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Furtwängler's Wartime Beethoven: Violin Concerto, Symphony No. 5 - PASC271

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Furtwängler's Wartime Beethoven: Violin Concerto, Symphony No. 5 - PASC271-CD
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Erich Röhm, violin
Berlin Philharmonic Orchestra
conductor Wilhelm Furtwängler

Recorded Berlin, 1944 and 1943

XR remastering by Andrew Rose at Pristine Audio, January-February 2011
Cover artwork based on a photograph of Furtwängler

Total duration: 77:41
©2011 Pristine Audio.


A superb Beethoven Violin Concerto in a total aural makeover

Furtwängler's final Alte Philharmonie concert - plus a powerful Beethoven 5th


  • BEETHOVEN Violin Concerto in D, Op. 61 [notes / score]

    Erich Röhn, violin
    Recorded live at Alte Philharmonie, Berlin, 12th January, 1944

  • BEETHOVEN Symphony No. 5 in C minor, Op. 67 [notes / score]

    Recorded live at Alte Philharmonie, Berlin, 30th June, 1943

Berlin Philharmonic Orchestra
conductor Wilhelm Furtwängler

FLAC downloads include a PDF copy of Beethoven's manuscript of the 5th Symphony plus a full printed PDF score of the Violin Concerto


Notes on the transfers:

These two recordings offer two very different perspectives on technical developments in wartime Germany, as well as the long-term preservation of historic recordings.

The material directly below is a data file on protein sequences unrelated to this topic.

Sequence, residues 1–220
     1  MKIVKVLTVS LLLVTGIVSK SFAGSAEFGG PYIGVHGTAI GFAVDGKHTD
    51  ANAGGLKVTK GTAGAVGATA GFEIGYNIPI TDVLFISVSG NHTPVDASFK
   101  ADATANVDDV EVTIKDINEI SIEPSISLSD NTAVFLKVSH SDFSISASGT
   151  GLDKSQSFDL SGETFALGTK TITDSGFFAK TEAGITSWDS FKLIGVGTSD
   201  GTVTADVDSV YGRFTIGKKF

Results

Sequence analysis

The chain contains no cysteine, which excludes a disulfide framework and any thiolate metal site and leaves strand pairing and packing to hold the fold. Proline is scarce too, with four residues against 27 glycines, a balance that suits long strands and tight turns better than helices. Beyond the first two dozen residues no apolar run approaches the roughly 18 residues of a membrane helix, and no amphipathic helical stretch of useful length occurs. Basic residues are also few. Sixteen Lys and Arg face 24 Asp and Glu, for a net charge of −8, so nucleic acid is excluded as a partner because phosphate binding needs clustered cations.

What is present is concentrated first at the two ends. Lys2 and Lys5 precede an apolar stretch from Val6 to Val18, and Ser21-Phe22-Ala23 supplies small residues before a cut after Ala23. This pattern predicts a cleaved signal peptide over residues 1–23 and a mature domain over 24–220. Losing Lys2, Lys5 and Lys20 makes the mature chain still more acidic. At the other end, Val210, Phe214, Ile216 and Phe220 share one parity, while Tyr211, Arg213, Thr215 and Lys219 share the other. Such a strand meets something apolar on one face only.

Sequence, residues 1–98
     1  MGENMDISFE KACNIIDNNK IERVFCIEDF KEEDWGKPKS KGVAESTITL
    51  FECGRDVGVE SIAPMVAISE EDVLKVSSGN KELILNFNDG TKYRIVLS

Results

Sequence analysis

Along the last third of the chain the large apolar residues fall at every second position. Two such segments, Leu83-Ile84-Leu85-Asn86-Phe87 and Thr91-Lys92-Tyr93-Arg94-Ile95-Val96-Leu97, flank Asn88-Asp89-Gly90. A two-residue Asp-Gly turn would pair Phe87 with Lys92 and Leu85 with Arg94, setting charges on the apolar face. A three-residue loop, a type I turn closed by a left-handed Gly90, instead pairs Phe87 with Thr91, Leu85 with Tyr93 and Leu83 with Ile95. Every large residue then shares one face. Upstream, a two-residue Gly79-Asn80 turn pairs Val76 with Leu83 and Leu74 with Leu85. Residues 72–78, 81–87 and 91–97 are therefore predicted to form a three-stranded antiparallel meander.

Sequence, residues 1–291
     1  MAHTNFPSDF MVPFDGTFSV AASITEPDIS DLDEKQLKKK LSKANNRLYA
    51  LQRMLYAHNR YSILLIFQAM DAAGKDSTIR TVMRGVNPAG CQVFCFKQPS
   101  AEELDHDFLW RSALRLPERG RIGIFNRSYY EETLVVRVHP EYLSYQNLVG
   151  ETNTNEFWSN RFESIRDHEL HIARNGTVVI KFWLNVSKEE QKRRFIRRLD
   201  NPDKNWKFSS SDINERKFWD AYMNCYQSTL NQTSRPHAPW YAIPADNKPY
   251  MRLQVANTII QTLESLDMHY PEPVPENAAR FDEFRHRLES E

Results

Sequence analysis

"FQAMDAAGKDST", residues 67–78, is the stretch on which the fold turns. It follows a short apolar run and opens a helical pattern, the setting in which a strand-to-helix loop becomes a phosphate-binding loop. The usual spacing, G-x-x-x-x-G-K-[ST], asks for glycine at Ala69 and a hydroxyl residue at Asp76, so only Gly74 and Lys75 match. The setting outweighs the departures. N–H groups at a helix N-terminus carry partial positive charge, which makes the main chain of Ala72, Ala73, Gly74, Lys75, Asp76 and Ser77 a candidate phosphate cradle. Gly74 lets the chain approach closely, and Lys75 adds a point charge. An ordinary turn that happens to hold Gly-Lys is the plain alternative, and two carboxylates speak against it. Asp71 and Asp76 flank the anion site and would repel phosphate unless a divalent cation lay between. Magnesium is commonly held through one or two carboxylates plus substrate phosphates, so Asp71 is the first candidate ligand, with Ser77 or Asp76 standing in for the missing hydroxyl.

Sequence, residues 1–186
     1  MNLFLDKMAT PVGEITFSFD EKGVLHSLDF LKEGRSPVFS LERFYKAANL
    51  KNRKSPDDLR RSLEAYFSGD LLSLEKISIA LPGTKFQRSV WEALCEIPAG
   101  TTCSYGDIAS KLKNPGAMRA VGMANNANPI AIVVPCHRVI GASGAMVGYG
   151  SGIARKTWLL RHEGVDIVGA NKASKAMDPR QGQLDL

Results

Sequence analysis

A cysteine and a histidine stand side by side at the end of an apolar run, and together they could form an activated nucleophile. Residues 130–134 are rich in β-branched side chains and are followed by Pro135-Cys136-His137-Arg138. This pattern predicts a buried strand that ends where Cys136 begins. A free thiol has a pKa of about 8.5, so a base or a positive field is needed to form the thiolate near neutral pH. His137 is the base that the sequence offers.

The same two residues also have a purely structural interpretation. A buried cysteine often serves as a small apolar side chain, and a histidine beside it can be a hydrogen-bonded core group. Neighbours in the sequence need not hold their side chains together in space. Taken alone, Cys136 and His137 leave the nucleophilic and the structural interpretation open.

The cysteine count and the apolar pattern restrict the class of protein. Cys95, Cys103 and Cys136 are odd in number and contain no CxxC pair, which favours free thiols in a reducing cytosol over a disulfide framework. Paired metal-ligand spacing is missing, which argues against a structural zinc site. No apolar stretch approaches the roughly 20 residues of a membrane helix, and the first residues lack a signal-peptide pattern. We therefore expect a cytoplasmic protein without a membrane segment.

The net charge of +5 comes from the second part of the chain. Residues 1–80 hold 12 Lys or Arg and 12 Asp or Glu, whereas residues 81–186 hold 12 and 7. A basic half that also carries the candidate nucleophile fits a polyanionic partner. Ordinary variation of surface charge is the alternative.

The Violin Concerto was recorded during Furtwängler's last ever concert at the Alte Philharmonie in Berlin, just 17 days before the hall was destroyed by an Allied bombing raid. Even prior to the present remastering, it was clear that technically the recording was good, and a quick online search for Erich Röhn, the soloist, reveals a number of people claiming this as their favourite interpretation.

I was delighted to discover, therefore, that the recording as previously heard was to a great extent hiding its light under a bushel, so to speak - there was far more in terms of sonic potential in the recording than might ever have been suspected, and it really does show just how much could be captured on the still very early magnetic tape medium.

Naturally it's not perfect, and I've had to work hard to retain natural high frequencies whilst battling hissy distortion during louder passsages. That said, one could easily be fooled into believing this to be a live broadcast from the 1960s. This is not something that could ever be claimed for the companion on this release, the Symphony No. 5, which shows all signs of having spent at least some point of its life on very frequency-limited discs. There's little or no top end to be extracted, and evidence of swish which simply shouldn't be expected on an allegedly taped recording.

What is deeply puzzling is that a recording of the Fourth Symphony from this same concert (PASC267) offers superb fidelity, almost on a par with that of the Violin Concerto here. I've done what I can to even out the frequency response and make the best of the Fifth, but one should be prepared to 'retune' ones ears after listening to the concerto.


Andrew Rose


Find out more:


CD covers to print:
(NB. Disable Page Scaling before printing)

PASC271 cover

CD-writing cuesheet (save as .cue):
(Use this to split MP3 files - see here)

Cue sheet

Download our Full Discography
Printable text listings of all Pristine Audio historic releases
XR remastering by Andrew Rose:
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